The interesting thing, though, is that Eastwood attempts to at least appear balanced throughout. Context is everything here, and the director’s recent career in particular offers some clues as to how we can possibly interpret this film. American Sniper is the octogenarian’s latest attempt to explore ideas related to 20th Century myth-making, a streak that runs back as far the 1988 Charlie Parker biopic Bird but has gathered apace in recent years, with Flags Of Our Fathers, Letters From Iwo Jima, Invictus, J. Edgar and Jersey Boys all being made within the last decade. The legend in question here was developed partly by Kyle himself (Hall has adapted the soldier’s autobiography American Sniper: The Autobiography of the Most Lethal Sniper in U.S. Military History) and partly by senior officers during the second Iraq War, who quickly identified the benefits of allowing Kyle’s notoriety to grow unchecked in the hearts of his colleagues and the minds of the enemy. Like the men who appeared in the famous staged photograph of Flags Of Our Fathers, Chris Kyle is used as a propaganda tool, though such matters are less of a concern to him than the protection of his fellow soldiers as they attempt to negotiate their way through a country defined here by its residents, who are either hostile or scared. As with that earlier film, Eastwood’s sympathies ultimately lie with the individual, even if there is less of a sense of the individual being exploited in this new movie, and it’s interesting to note that both end on a tragic note. Flags Of Our Fathers is proof that a patriotic film can still question truth and the nature of heroism, but I don’t think Eastwood displays the same conviction here.
Comparison with Flags is also interesting because it was quickly followed by the (superior) sister piece Letters From Iwo Jima, which showed the battle for that island from the Japanese perspective. It’s entirely possible that Eastwood felt he could offer a balanced view of Kyle and the Iraq war within one film (even though he doesn’t), rather than across two, or that he could tone down any investigation of ‘the other side’ here, as it is something he had gone to great lengths to achieve in the recent past. That would go some way to explaining why the director took a different path than that identified by American Sniper’s earlier custodian, Steven Spielberg, who initially intended an equal focus on the story’s ‘nemesis’ figure Mustafa (Sammy Sheik), an Iraqi sniper. Disappointingly, Mustafa is steered back by Eastwood toward the panto villain model favoured by Hollywood; he’s reduced to being nothing more than another dark-skinned rooftop assailant like the ones Jason Bourne defeats with regularity, and that perhaps goes some way to explaining the film’s success at the US Box Office. This kind of one-sided jingoism is popular in the west, like it or not, and wars are easier to swallow if they are reduced to the simple level of one man versus another, or ‘goodie’ v ‘baddie’.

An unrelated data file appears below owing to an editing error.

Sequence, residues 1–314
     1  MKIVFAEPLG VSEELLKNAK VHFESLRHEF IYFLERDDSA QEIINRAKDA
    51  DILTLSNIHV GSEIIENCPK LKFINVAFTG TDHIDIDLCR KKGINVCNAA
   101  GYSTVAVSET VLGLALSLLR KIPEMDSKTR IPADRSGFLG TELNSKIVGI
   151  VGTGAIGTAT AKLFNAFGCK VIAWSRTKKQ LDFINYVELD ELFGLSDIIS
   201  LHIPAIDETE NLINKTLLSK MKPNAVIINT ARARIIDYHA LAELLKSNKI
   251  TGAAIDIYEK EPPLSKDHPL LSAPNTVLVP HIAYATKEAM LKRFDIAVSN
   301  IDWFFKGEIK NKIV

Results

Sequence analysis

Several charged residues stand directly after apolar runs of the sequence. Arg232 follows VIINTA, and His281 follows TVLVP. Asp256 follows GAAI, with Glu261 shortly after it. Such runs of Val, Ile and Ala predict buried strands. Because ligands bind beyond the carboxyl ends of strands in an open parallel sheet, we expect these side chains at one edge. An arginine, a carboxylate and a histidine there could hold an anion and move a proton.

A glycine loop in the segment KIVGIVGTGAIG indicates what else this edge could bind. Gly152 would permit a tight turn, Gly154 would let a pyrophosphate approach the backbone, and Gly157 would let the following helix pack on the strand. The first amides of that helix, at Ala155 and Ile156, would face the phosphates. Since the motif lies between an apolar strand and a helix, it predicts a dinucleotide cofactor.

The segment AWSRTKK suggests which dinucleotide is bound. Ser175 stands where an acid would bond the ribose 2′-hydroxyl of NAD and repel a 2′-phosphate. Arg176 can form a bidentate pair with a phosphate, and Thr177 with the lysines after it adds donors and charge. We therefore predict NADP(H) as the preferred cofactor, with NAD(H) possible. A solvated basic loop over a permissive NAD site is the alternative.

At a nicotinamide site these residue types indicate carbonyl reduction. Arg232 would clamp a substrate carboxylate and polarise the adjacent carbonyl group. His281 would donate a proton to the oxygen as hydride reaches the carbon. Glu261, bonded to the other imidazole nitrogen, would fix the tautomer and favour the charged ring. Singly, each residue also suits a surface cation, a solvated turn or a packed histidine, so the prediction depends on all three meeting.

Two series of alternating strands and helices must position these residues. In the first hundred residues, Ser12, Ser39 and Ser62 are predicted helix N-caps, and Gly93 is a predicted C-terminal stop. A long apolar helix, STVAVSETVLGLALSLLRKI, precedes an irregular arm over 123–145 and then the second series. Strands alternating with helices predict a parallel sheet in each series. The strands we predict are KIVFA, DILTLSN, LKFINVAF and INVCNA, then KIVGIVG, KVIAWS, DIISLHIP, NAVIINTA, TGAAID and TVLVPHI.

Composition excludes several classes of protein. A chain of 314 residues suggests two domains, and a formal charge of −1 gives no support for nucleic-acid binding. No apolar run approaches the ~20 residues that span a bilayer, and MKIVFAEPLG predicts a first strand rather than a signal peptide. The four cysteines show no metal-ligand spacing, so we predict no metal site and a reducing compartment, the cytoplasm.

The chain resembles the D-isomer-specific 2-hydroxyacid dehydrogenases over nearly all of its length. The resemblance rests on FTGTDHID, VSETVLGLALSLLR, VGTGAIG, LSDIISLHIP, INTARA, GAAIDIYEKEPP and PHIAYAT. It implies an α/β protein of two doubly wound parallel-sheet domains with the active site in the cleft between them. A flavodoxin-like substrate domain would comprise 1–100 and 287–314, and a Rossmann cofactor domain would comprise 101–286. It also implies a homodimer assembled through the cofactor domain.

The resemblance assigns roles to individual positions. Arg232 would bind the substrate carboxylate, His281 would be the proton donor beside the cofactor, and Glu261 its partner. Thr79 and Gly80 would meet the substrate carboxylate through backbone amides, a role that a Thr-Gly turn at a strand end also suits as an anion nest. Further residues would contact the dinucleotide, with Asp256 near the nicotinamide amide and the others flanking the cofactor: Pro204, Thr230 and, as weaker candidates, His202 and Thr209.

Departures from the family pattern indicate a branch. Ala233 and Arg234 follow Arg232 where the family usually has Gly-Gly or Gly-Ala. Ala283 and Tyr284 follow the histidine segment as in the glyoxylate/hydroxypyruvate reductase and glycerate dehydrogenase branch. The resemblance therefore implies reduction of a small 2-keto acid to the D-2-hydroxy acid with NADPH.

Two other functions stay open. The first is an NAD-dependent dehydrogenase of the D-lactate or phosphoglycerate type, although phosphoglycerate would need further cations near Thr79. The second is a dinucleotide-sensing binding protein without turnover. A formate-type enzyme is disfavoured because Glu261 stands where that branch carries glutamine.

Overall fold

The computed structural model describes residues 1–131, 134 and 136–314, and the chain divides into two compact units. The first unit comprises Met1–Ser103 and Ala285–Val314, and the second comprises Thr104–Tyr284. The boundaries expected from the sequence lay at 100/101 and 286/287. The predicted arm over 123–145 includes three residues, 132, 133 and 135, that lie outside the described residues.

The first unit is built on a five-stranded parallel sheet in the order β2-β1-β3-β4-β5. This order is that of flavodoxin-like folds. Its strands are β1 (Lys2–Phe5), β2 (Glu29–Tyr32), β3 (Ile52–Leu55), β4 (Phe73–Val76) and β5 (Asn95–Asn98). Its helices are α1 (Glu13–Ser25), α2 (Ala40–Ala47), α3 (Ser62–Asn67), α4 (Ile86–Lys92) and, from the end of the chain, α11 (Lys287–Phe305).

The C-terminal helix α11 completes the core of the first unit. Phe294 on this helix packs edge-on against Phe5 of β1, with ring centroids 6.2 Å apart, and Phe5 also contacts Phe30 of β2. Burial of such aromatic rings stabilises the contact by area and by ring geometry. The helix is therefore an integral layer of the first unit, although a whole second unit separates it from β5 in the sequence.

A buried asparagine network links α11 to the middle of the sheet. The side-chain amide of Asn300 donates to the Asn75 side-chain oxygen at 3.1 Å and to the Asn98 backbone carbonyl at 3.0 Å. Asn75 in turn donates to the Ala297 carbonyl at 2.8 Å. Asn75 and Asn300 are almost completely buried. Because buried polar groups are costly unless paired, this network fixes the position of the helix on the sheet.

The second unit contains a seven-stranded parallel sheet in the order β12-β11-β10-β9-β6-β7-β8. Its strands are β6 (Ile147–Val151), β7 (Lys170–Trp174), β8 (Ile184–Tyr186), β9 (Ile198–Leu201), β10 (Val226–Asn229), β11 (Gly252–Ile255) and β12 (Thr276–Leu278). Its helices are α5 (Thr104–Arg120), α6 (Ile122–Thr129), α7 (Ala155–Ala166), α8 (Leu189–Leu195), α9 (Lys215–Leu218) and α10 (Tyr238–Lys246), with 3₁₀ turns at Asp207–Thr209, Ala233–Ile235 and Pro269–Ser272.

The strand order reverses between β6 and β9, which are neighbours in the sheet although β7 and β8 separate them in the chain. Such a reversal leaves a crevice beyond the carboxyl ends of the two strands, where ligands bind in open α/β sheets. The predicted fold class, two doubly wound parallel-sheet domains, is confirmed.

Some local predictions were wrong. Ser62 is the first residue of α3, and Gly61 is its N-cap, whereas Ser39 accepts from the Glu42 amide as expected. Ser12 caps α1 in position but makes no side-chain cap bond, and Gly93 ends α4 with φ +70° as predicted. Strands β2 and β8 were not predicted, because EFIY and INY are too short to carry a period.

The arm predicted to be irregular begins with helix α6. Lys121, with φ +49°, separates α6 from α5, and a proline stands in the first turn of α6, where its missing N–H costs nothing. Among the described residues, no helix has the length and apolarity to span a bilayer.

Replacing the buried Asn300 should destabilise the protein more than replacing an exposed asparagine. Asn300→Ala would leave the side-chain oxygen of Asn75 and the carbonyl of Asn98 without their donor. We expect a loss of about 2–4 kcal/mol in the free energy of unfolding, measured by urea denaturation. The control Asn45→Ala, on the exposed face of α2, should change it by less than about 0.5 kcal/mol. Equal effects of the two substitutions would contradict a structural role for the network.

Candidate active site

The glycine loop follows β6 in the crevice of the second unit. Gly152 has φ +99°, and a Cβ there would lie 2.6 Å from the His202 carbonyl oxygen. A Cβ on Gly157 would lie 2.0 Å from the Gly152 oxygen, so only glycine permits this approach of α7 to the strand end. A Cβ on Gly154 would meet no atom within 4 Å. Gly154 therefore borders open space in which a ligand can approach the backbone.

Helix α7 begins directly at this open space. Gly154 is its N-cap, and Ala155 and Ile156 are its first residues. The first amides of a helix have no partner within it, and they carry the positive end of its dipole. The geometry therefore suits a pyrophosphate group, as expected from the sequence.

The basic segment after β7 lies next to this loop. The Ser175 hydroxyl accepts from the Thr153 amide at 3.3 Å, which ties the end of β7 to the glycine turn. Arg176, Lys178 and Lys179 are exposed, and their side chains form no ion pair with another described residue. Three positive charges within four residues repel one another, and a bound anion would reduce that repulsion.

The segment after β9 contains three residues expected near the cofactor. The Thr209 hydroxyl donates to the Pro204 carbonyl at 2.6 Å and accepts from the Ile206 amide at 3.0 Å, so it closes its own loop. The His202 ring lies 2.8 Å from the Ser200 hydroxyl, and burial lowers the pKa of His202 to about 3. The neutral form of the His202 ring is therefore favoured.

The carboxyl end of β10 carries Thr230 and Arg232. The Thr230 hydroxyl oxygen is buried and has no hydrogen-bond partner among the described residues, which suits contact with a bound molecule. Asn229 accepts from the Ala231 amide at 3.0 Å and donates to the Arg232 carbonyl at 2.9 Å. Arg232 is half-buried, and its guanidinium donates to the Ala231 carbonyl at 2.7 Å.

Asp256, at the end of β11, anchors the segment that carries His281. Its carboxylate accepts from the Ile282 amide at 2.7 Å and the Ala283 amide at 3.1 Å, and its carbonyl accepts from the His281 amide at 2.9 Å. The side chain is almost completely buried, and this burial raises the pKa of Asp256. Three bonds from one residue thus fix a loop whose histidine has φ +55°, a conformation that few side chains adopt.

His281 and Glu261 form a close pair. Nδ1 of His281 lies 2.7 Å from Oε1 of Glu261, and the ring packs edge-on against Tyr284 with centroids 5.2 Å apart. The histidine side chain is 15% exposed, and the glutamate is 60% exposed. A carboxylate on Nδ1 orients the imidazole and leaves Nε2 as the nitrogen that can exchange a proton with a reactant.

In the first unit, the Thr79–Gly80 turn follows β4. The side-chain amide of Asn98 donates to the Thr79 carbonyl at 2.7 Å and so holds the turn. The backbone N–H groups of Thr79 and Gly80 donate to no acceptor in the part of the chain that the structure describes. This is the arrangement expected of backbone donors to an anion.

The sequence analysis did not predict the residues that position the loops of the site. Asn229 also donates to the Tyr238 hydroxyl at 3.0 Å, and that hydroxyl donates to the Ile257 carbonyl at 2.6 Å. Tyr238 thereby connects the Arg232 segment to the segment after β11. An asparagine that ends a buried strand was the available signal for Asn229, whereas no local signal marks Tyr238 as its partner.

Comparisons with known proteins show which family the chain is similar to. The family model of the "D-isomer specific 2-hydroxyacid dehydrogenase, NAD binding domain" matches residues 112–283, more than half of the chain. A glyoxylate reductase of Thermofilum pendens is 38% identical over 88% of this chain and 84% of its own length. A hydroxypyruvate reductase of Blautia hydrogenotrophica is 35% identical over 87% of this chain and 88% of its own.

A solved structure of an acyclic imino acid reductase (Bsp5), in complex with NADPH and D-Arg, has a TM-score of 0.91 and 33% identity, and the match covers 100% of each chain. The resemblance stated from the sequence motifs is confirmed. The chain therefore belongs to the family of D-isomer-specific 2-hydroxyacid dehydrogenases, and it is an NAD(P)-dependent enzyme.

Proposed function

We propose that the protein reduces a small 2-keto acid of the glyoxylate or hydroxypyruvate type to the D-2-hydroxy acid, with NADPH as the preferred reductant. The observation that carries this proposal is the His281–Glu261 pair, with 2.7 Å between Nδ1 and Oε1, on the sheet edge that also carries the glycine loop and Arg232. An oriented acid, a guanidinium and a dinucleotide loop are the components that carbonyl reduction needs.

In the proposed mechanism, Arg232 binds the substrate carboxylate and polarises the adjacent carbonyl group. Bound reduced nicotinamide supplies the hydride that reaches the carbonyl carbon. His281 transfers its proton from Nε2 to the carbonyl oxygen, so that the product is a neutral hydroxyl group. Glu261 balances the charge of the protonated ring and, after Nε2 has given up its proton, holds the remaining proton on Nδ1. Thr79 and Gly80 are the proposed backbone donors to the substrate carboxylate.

Is American Sniper a ‘patriotic’ film, in the modern sense of the word? Yes, it is, but then what exactly do you expect? It’s about a capital ‘P’ patriot, adapted from that man’s own memoirs, and therefore by its very nature Kyle’s own take on the country of his birth and the war he fights is key. You could argue that Chris Kyle’s politics are more important to understanding or decoding this film than yours, or mine, or even Eastwood’s, so surely it’s right that it ends with billowing flags and mourning crowds. The sniper’s view of the Second Iraq War is blindly, unequivocally, unquestioningly ‘patriotic’, and this dominant part of his personality, revolving around a failure to question the propaganda and scare-mongering of the mainstream news media and government in the US, is highly evident in Cooper’s portrayal.
The patriotism isn’t something that I find offensive, but I do have a problem with the fact that American Sniper is extremely lazy at times in the one-sided way it depicts this particular war. American fighters are introduced via the usual scenes of boot camp and barroom bonhomie, with the good-natured camaraderie flowing freely from soldier to soldier. By way of contrast their foes in Iraq are first seen threatening an innocent child and then cruelly executing an innocent father in the street. This time last year Lone Survivor was ridiculed for the exact same reliance on such war film clichés. When Kyle kills he is constantly shown to be saving the lives of his compatriots; there is an element of truth to that, of course, but Mustafa, on the other hand, is treated in an entirely different way. We are constantly reminded of his prowess as a sportsman, and his past as an Olympic athlete is insidiously linked to his killing of American soldiers, as if he is merely doing it for the sport and is inherently evil. Or maybe it’s because it’s just not safe to jog out there. Thanks very much, all involved, but no thanks.